For injury rehabilitation, variable resistance machines are preferred over free weights. This is because they provide a controlled motion and isolate specific muscle groups.

Isolation is important because many physical therapy patients need to target certain areas to heal and strengthen during their recovery.

Weight machines also allow the patient and therapist to track progress and provide objective feedback while increasing the protective participation of the healthy limb or muscle group.

Drawbacks of Free Weights

Despite the convenience factor, free weights can result in more injuries than weight machines due to a lack of coordination or technical skills. Learning proper form and technique is crucial for injury prevention.

May Require a Spotter

Careful instruction and training are necessary to master free weight lifting on your own. In many cases, free weights may require the assistance of a spotter if you take on too much weight. Use a spotter whenever one is available.

Drawbacks of Weight Machines

Weight machine equipment can be cost-prohibitive and take up more space in your home. Alternatively, access to weight machines requires a gym membership.

And despite their accessibility for beginners, free weights do not use functional movement patterns, but rather, rely on a single movement pattern. This one-size-fits-all approach may not work for everyone depending on an individual's range of motion.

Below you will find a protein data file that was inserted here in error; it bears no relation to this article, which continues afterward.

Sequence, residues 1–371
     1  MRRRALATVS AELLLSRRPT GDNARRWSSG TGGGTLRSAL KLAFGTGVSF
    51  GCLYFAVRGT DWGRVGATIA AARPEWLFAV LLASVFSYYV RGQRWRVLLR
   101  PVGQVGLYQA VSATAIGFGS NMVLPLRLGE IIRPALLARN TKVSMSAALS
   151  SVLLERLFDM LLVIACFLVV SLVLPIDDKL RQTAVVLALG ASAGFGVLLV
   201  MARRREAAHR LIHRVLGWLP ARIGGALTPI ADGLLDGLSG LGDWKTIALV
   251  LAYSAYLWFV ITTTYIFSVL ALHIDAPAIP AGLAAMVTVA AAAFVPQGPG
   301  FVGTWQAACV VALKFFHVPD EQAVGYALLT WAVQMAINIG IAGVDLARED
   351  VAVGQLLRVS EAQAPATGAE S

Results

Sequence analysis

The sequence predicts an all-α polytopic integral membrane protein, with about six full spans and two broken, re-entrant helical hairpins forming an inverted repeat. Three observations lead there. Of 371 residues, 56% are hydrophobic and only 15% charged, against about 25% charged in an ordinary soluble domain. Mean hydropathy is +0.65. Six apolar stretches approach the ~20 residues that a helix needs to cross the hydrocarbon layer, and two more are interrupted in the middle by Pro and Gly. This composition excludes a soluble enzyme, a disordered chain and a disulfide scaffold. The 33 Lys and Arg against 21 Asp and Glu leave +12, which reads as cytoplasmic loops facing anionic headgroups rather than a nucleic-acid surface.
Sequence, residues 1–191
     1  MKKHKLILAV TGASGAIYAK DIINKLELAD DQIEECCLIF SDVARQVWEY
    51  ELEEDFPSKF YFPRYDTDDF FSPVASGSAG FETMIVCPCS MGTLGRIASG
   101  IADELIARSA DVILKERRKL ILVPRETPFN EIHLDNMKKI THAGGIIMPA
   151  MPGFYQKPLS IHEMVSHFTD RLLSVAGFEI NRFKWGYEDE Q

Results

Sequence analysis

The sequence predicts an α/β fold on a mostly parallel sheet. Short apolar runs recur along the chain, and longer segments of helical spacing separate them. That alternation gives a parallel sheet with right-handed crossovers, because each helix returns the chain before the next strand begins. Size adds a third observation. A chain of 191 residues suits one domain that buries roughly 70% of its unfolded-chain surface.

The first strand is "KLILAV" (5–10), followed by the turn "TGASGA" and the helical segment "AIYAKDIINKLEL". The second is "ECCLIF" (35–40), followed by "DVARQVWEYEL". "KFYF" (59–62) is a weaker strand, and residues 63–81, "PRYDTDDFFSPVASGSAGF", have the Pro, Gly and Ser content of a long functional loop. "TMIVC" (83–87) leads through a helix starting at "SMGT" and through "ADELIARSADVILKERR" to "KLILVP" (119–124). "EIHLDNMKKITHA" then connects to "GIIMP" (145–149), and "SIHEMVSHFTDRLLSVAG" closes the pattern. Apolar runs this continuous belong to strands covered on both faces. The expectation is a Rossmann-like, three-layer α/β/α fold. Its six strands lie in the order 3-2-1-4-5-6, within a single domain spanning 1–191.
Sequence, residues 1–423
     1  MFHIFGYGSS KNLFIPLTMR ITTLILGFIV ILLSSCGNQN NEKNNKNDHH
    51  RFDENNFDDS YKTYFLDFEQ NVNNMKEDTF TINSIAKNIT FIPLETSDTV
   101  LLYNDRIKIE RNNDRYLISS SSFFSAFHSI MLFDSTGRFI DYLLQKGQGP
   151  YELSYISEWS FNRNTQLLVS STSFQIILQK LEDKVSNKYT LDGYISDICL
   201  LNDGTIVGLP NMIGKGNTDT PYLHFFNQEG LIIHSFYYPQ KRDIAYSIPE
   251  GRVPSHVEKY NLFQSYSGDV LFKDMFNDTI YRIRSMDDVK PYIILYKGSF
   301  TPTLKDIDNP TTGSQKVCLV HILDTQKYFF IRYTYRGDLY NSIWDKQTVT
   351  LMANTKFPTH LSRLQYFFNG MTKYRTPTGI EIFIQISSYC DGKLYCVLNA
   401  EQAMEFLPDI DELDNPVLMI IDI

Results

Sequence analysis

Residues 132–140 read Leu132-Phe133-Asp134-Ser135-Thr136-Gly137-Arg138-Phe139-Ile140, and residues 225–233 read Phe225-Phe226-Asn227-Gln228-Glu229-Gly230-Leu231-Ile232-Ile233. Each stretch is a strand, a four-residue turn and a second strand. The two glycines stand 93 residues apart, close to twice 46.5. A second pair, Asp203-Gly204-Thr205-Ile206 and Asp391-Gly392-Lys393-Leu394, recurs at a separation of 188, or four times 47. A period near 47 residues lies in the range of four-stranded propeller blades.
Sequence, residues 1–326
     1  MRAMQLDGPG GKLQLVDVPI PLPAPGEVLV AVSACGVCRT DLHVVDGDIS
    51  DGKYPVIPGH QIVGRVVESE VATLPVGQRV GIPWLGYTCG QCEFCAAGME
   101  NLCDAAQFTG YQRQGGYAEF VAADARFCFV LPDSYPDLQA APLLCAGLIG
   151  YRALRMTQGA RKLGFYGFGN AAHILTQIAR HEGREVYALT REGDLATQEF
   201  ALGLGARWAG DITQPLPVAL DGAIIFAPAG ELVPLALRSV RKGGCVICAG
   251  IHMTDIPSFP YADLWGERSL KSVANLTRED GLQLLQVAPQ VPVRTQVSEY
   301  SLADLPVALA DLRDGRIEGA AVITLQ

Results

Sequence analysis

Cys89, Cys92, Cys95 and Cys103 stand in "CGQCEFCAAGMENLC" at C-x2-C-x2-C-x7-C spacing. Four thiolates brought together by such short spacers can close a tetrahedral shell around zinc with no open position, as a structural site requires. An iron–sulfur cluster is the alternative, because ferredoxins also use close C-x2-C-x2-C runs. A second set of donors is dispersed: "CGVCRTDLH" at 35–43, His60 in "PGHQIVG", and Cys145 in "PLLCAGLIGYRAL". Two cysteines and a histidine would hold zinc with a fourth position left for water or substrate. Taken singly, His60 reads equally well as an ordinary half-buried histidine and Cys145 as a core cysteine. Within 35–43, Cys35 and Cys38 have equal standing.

Unlike free weights, weight machines do not recruit stabilizer muscles. They generally work fewer muscles than free weights.

Because they isolate one muscle or a concentrated group of muscles, you'll have to use other weight machines to work other muscles that you're wanting to strengthen.

The Perfect Mix

Of course, there are benefits to using both free weights and weight machines as part of a fitness regimen. For instance, a balanced weight training program may incorporate free weights and machines on alternate training days.

To reap the benefits of muscle strength and joint stability, you might focus on free weights for some exercises and weight machines for others. The bottom line is that you should use the strength training equipment that suits your training needs and is also safe and convenient.

If you're fairly comfortable using free weights, it's possible you could experience greater strength gains than using weight machines. Ultimately, the right balance comes down to your personal preference.

A Word From Verywell

Depending on your health and fitness goals, you could benefit from using either free weights, weight machines, or a combination of both. One piece of equipment is not necessarily better than another. Regardless of what you choose, remember to listen to your body during any strength training exercises to avoid injury.

If you're using heavier free weights at the gym, be sure to ask someone to spot you. If you're just getting started, you might consider working one-on-one with a personal trainer who can help you develop a unique strength training program that's designed just for you.

6 Sources
Verywell Fit uses only high-quality sources, including peer-reviewed studies, to support the facts within our articles. Read our editorial process to learn more about how we fact-check and keep our content accurate, reliable, and trustworthy.
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Additional Reading

By Elizabeth Quinn, MS
Elizabeth Quinn is an exercise physiologist, sports medicine writer, and fitness consultant for corporate wellness and rehabilitation clinics.